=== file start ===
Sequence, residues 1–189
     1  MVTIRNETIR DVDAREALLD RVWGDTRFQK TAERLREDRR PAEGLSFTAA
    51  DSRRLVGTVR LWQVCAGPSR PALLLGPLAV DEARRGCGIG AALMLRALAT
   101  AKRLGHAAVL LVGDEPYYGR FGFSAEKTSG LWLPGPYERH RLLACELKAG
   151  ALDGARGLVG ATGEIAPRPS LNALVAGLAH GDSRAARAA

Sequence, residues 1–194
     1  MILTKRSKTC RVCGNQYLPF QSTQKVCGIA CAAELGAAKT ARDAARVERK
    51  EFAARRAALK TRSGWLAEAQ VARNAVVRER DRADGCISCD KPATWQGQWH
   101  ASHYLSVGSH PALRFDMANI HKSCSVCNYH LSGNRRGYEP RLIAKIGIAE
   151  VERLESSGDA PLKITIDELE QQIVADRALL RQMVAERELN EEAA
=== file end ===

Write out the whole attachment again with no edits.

Sequence, residues 1–189
     1  MVTIRNETIR DVDAREALLD RVWGDTRFQK TAERLREDRR PAEGLSFTAA
    51  DSRRLVGTVR LWQVCAGPSR PALLLGPLAV DEARRGCGIG AALMLRALAT
   101  AKRLGHAAVL LVGDEPYYGR FGFSAEKTSG LWLPGPYERH RLLACELKAG
   151  ALDGARGLVG ATGEIAPRPS LNALVAGLAH GDSRAARAA

Sequence, residues 1–194
     1  MILTKRSKTC RVCGNQYLPF QSTQKVCGIA CAAELGAAKT ARDAARVERK
    51  EFAARRAALK TRSGWLAEAQ VARNAVVRER DRADGCISCD KPATWQGQWH
   101  ASHYLSVGSH PALRFDMANI HKSCSVCNYH LSGNRRGYEP RLIAKIGIAE
   151  VERLESSGDA PLKITIDELE QQIVADRALL RQMVAERELN EEAA